Source Blocks

In order to extract the documentation from the code, LiterateCS needs to split a source file into blocks which represent either text or code. Blocks capture parts of a source file and make it easier to process them differently depending on their kind.

namespace LiterateCS
{
using System;
using System.Collections;
using System.Collections.Generic;
using System.Text;
using ExtensionCord;


Block Kinds

A block can capture either documentation written in markdown or C# code. The enumeration below indicates which one we are dealing with.

	public enum BlockKind { Markdown, Code }


The block data structure itself is a simple singly-linked list. It implements IEnumerable<T> to make traversing the structure easier.

	public class BlockList : IEnumerable<BlockList>
{


The properties below describe the data associated with a block. Kind tells the whether it is a code or text block. Contents is the part of the source file that was extracted. Comment delimiters are excluded from the text, so that contents is valid markdown. Next points to the following block. Obviously code blocks are in the same order as they appear in the source file.

		public BlockKind Kind { get; private set; }
public string Contents { get; private set; }
public BlockList Next { get; internal set; }


The following constants describe how the code blocks are decorated in the outputted markdown or HTML. In the case of markdown output, the code blocks are surrounded by standard triple backticks followed by the language designator. In HTML output the header and footer contain tags which have the required CSS classes in order for the syntax highlighting to work.

		private const string _mdCodeHeader = @" csharp";
private const string _mdCodeFooter = @"";
private const string _htmlCodeHeader = @"<pre class=""csharp""><code class=""csharp"">";
private const string _htmlCodeFooter = @"</code></pre>";


The string builder is used to construct contents of a block. It is discarded after its content is extracted.

		internal StringBuilder _builder;


Creating a Block

Blocks are constructed dynamically as the source file is parsed. When creating a new block only the kind of the block and the output format needs to be specified. Based on those the constructor initializes a new block and inserts a correct header to it.

In markdown output whitespace is a bit more important than in HTML. That is why we sometimes need to add additional line breaks to the output.

		public BlockList (BlockKind kind, OutputFormat format)
{
Kind = kind;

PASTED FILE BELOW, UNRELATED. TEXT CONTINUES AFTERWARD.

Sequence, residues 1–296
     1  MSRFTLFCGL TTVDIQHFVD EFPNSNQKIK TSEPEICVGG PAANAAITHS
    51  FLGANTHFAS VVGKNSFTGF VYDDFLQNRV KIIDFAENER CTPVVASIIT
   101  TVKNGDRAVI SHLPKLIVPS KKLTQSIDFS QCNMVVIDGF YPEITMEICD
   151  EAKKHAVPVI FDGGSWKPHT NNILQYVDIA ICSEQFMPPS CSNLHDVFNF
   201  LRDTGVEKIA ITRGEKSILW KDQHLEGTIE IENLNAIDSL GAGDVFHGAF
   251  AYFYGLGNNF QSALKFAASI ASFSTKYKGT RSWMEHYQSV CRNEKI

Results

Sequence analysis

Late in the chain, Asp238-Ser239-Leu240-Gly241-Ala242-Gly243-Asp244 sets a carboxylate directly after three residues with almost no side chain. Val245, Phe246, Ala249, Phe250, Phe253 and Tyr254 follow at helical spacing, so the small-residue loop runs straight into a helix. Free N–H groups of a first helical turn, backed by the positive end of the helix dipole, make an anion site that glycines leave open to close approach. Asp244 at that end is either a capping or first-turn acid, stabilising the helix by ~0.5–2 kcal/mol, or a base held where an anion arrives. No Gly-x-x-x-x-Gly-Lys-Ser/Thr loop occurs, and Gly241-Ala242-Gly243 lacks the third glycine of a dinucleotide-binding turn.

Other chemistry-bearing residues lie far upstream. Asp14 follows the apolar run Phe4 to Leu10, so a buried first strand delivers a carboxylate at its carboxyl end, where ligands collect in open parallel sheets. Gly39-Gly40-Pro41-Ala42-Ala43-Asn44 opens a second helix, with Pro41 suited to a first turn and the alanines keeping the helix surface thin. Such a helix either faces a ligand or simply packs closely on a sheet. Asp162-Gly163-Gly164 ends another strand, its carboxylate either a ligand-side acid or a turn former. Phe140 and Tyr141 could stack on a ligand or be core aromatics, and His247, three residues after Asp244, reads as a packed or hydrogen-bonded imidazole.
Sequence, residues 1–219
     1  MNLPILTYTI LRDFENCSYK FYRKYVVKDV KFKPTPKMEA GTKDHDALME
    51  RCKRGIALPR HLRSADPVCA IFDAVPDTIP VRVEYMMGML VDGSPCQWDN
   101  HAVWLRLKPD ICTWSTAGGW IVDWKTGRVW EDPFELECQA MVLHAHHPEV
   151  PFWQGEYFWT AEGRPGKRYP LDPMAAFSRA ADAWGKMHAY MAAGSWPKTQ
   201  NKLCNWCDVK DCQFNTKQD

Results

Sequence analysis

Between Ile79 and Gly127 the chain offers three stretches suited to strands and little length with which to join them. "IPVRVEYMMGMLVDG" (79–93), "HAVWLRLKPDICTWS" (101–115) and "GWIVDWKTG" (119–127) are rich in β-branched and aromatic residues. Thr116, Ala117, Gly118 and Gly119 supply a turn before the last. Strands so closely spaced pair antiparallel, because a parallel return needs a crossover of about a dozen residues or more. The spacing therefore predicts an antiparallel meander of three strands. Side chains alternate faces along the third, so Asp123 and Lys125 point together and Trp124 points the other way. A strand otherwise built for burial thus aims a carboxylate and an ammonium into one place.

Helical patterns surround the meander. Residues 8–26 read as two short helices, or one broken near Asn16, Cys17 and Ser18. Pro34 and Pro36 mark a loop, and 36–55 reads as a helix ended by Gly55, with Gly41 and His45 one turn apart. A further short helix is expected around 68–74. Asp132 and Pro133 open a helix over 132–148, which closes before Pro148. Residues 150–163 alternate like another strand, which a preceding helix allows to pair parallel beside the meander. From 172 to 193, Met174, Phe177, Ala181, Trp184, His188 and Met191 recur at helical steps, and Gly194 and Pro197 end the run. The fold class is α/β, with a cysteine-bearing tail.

_builder = new StringBuilder ();
}


Create a new markdown block.

		public BlockList (string contents)
{
Kind = BlockKind.Markdown;
Contents = contents;
}


Cloning a single block.

		public BlockList (BlockList block)
{
Kind = block.Kind;
Contents = block.Contents;
}


Closing a Block

After a block is filled with its content it can be closed. Closing involves adding the correct header and footer to the output. Code blocks are trimmed before these are added. If they do not contain any text after trimming, then we don't add the header and footer at all. After the StringBuilder object has converted the contents to string, it can be disposed by assigning null to the field.

		public void Close (OutputFormat format)
{
if (Kind == BlockKind.Code)
{
TrimStart ();
TrimEnd ();
if (_builder.Length > 0)
{
_builder.Insert (0, format == OutputFormat.html ?
_builder.Append (Environment.NewLine);
_builder.AppendLine (format == OutputFormat.html ?
_htmlCodeFooter :
_mdCodeFooter);
}
}
Contents = _builder.ToString ();
_builder = null;
}


Code blocks are trimmed to get rid of extra white space at the beginning and end of them. This makes the verbatim output more compact and readable. The following methods trim all whitespace from the beginning and from the end of the block. Note that we don't remove the whitespace before the first non-empty line, so indentation is preserved.

		private void TrimStart ()
{
while (RemoveFirstEmptyLine ());
}

private void TrimEnd ()
{
var last = _builder.Length - 1;
var i = last;
while (i >= 0 && char.IsWhiteSpace (_builder[i]))
i--;
if (i < last)
_builder.Remove (i + 1, last - i);
}


The method below removes the first line of a block, if it contains just whitespace. It handles both Windows and Unix style line delimiters. The method returns true, if it removed a line, and false if it did not.

		private bool RemoveFirstEmptyLine ()
{
var i = 0;
while (i < _builder.Length && char.IsWhiteSpace (_builder[i]) &&
!_builder[i].In ('\r', '\n'))
i++;
if (i == _builder.Length || !_builder[i].In ('\r', '\n'))
return false;
_builder.Remove (0, i + 1);
return true;
}


IEnumerable Implementation

Iterator is used to implement IEnumerable<BlockList> interface.

		public IEnumerator<BlockList> GetEnumerator ()
{
for (var block = this; block != null; block = block.Next)
yield return block;
}

IEnumerator IEnumerable.GetEnumerator ()
{
return GetEnumerator ();
}
}
}